If Your Flight Is Delayed or Canceled, You Could Now Get Paid—Here's How
Facing any major travel woes means you may be entitled to some cash.
We've all experienced travel woes like being stuck in a lousy seat next to someone who's overly chatty. However, when it comes to major inconveniences, the worst issue to deal with is your plane not leaving on time or even at all. In most cases, it's easy to feel completely powerless when you're stranded at the airport. But thanks to a rule change, you might be able to get paid the next time your flight is canceled or delayed. Read on to see how airlines can sometimes compensate you with cash.
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New rules entitle passengers to compensation on delayed or canceled connecting domestic flights that originate in the E.U.
We all dread getting the news that our travel plans have been dashed—especially when it appears to be an issue unrelated to bad weather. But in a ruling by the Court of Justice of the European Union on April 8, a law protecting airline passengers was expanded that entitles any traveler on a canceled or delayed domestic connecting flight that originated in the E.U. to cash compensation from the airline, travel news outlet The Points Guy reports.
The latest change is an expansion of an existing rule that will affect some domestic U.S. flights.
The latest change broadens an existing passenger protection rule that has been in place since 2005, known as EU261. Under these regulations, any traveler whose flight originating in the E.U. or bound for the E.U. on an E.U.-based carrier that gets canceled or delayed more than three hours within 14 days of the flight's scheduled departure can expect anywhere from $270 to $650 in compensation from the airline. The latest ruling adds anyone traveling on a connecting flight within the U.S. (or elsewhere) on a trip that originates in the E.U. under the same protection.
The ruling came after three passengers on a Lufthansa-ticketed flight from Brussels to San Jose, California, experienced a delay of nearly four hours during a layover in Newark for a connecting flight operated by United Airlines, The Points Guy reports.
"[It] must be interpreted as meaning that a passenger on a connecting flight, comprising two legs and subject to a single booking with a Community carrier, departing from an airport located in the territory of a Member State and arriving at an airport located in a third country via another airport in that third country is entitled to compensation from the third-country air carrier which operated the entirety of that flight acting on behalf of that Community carrier, where that passenger has reached his or her final destination with a delay of more than three hours caused in the second leg of the said flight," the court wrote in its decision.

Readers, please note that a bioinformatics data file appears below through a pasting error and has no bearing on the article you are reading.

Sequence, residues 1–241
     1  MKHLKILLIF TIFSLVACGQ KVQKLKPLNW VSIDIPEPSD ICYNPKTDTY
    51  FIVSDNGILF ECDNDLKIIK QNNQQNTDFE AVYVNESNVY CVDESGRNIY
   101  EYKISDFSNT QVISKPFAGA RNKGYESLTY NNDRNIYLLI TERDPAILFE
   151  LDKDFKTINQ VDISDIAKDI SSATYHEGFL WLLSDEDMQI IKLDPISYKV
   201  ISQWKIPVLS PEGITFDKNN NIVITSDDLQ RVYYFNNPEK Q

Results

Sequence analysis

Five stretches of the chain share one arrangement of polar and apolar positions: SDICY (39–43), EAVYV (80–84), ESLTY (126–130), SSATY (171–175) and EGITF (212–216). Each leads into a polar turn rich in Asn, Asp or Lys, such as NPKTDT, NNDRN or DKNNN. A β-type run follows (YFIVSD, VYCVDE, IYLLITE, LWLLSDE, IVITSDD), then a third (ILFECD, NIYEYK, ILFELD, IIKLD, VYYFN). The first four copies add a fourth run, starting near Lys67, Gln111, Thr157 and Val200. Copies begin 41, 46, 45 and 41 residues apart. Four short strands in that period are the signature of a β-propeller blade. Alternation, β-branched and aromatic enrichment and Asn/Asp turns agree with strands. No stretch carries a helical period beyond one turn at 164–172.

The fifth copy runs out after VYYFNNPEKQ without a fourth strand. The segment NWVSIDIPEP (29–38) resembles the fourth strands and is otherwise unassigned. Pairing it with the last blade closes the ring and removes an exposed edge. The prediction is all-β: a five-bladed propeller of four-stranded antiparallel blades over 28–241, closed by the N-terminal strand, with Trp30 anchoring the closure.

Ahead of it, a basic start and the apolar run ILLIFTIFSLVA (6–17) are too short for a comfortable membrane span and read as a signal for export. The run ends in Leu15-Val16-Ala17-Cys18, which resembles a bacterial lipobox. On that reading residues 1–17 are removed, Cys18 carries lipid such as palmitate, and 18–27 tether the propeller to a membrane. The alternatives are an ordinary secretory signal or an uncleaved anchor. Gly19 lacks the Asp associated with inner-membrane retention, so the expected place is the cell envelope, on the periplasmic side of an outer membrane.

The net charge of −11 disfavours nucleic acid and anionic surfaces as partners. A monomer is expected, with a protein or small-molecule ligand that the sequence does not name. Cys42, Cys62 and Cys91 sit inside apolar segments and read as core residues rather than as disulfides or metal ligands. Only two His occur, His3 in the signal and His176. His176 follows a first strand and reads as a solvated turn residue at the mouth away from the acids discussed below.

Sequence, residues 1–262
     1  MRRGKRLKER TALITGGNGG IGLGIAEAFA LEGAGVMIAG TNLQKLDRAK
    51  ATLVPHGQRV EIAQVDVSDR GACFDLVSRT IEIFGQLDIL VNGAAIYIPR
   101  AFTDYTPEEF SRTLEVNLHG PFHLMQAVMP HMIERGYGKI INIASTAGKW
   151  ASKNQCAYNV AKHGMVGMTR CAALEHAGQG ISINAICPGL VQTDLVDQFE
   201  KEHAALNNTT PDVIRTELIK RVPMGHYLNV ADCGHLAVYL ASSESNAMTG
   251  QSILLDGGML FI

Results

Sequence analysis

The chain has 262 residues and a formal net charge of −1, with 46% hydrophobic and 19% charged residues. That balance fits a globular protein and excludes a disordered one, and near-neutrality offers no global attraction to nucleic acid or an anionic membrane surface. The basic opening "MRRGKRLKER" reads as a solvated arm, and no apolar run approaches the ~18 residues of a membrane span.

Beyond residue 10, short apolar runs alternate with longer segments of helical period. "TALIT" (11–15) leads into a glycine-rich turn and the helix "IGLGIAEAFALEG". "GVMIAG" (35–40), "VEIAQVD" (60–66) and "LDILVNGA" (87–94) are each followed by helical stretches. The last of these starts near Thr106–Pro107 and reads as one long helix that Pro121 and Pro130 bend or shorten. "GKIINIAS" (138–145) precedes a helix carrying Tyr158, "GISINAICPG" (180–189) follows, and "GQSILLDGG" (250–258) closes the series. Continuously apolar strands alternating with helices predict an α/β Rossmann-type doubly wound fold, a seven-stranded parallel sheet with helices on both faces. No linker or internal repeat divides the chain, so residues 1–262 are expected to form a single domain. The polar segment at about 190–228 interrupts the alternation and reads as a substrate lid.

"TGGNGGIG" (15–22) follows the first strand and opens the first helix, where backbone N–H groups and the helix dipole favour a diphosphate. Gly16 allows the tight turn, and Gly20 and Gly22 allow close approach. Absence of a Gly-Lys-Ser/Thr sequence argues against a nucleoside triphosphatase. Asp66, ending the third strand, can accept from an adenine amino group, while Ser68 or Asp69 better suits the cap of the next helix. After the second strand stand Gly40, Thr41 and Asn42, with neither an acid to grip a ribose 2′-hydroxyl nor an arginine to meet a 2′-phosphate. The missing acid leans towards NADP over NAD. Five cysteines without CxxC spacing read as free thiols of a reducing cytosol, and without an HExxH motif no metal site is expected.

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No similar passengers' rights rules exist in the U.S. yet.
Unfortunately, while the rule extends to some flights that originate in the U.S., there is no similar law in place that protects travelers when itineraries get upended by carriers making a mistake. According to the U.S. Department of Transportation (DOT): "In the United States, airlines are not required to compensate passengers when flights are delayed or canceled. Compensation is required by U.S. law only when certain passengers are 'bumped' from a flight that is oversold."
Even for flights covered by the new rules, passengers aren't always entitled to cash in every case. Cancelations or delays caused by severe weather events or government shutdowns are considered "extraordinary," making them ineligible for compensation.
Services can help you secure your cash compensation for a small fee.
If you find yourself returning from abroad and experience issues with your scheduled flight, it can help to know your rights to make sure you receive your due payout. For a small fee, services such as AirHelp can oversee your case for you and take over securing your claim in what can be a long and tedious process.
And while there's no official rule on the books for travelers in the U.S., you should still check your carrier's policy on compensation for travel snafus. "If the delay is caused by a mechanical issue, check your airline's contract of carriage, the legal agreement between you and the airline, for details on your rights," Chris Elliott, founder and chief advocacy officer of consumer rights nonprofit Elliott Advocacy, told U.S. News and World Report. "Even if it's a weather issue or an act of God, many airlines will still help."
If you ever find yourself in the position of being bumped from a flight, you should also know you have more leverage than you realize. According to the DOT, "There is no limit to the amount of money or vouchers that the airline may offer, and passengers are free to negotiate with the airline." So while it may not be cash in your pocket, holding out for a better offer in this situation could at least score you a huge travel voucher.
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